The MoH then moved on to publish the amended "Medicinal Product Promotion Regulation" on August 26, 2011 without any reference to medical devices within its scope1. The MoH subsequently opened the Draft Regulation on Advertising and Promotion of Medical Devices ("The New Draft Regulation") to comments and suggestions from the industry. The New Draft Regulation allowed advertising of non-professional medical devices to the public pursuant to both general advertising rules and some specific provisions arising from the nature of medical devices. It further set almost the same standards for the promotion of medical devices to HCPs, where under a few specific provisions the medical devices were subjected to lighter requirements compared to medicinal products. The New Draft Regulation was expected to be published before the beginning of 2012 and enter into force one year from its publication. However, as of today the MoH has not published this legislation yet.

At the current stage the real problem arises from the fact that the interactions with HCPs for pharmaceutical companies are strictly regulated, whereas there is still no regulation for medical devices. Even though at the first glance this may seem liberating for the medical device companies, the industry often finds itself faced with obstacles as there exists many grey areas of practice which can result in the risk of the MoH holding medical device companies responsible by relying on general provisions.

For example, relating to sponsorships, The Medicinal Products Promotion Regulation sets forth a rule commonly referred to as 3-2-1 rule. Under this rule an HCP can receive maximum three congress sponsorships from pharmaceutical companies. A maximum of two of these sponsorships may come from the same pharmaceutical company and a maximum of one of them can be an international congress. Furthermore, as the mere reflection of the global transparency rules in Turkey, the pharmaceutical companies are obliged to submit all the details in relation to the congress sponsorship to MoH's online database and obtain approval before the attendance takes place. Under the current regulatory framework, the medical device companies are not legally bound to make such online notification and obtain an approval. However in case they sponsor the HCP above the HCP's quota, the HCP and the MD company may be held responsible by the MoH. It gets significantly important where the same entity operates both in the areas of medicinal products and MDs.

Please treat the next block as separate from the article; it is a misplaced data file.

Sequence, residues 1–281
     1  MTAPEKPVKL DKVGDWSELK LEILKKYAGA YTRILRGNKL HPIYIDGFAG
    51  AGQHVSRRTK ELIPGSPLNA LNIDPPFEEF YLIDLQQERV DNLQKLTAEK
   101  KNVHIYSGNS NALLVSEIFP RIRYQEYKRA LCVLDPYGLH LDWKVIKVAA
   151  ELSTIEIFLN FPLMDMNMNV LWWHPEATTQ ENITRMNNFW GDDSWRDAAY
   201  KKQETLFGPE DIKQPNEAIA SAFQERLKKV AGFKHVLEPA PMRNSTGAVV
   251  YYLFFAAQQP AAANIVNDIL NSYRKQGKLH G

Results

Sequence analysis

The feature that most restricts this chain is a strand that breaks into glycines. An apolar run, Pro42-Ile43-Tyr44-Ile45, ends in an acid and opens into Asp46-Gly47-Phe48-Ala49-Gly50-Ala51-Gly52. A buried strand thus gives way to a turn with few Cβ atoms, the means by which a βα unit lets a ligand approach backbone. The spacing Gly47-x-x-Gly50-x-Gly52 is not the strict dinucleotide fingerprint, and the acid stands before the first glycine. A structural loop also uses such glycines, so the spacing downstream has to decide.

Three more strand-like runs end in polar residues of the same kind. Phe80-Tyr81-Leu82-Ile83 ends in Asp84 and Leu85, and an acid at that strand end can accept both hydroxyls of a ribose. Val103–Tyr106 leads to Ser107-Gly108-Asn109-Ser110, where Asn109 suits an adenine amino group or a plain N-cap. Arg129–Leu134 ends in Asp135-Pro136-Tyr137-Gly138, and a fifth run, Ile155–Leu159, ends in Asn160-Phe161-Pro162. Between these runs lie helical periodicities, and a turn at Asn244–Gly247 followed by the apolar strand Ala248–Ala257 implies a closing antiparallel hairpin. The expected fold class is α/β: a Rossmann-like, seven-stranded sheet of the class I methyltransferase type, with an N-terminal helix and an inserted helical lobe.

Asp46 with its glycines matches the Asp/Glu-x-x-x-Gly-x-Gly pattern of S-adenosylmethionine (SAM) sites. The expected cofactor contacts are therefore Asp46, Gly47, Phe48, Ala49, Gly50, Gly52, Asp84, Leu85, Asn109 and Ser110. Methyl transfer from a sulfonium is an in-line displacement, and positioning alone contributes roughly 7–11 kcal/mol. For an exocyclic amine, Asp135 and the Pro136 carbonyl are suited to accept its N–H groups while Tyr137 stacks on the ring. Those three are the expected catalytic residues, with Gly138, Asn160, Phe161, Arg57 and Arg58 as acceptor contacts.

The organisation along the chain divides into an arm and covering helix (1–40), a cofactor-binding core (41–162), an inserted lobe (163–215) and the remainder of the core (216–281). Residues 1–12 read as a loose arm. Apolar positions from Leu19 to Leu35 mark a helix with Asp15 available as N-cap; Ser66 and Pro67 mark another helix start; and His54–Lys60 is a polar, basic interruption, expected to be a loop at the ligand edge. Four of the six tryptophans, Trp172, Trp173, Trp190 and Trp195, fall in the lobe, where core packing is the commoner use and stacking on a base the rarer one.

On the other hand, regarding advertising to public, though it is not an official statement, it is known that in 2012 the MoH shared its view with the industry during its sector meetings that when the Draft Medical Device Promotion Regulation is published, the advertising of MDs will be prohibited altogether. This point of view was later confirmed by official letters sent by the industry associations. This was not supported, as prohibiting advertisement of all MDs including the ones that require no HCP intervention for selection and application would not protect the patients or consumers but would result in detriment caused to their access to information. In this respect, it is known that a Turkish medical association presented a suggestion to the MoH where the advertising of the MDs will be evaluated based on whether the device is for the use of health care professionals or patients. In this respect, for the professional devices that are prescribed and/or exclusively applied by the HCPs, the advertising to public would be forbidden and only promotion to HCPs would be permitted. For the non-professional devices that do not require any kind of intervention of an HCP and/or a prescription, the advertising would be possible without any specific limitations.

As of today, the issue remains unclear. However it can be said that the MD industry wishes to actually have the promotion and advertising of MDs regulated in order to overcome these many shades of grey. It is expected that the issue will get some clarity in 2013 with solutions that are hoped to be in a practical and reasonable manner.


1.This regulation was again amended on October 14, 2012.

The content of this article is intended to provide a general guide to the subject matter. Specialist advice should be sought about your specific circumstances.

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Ozge Atilgan Karakulak
Ceren Aral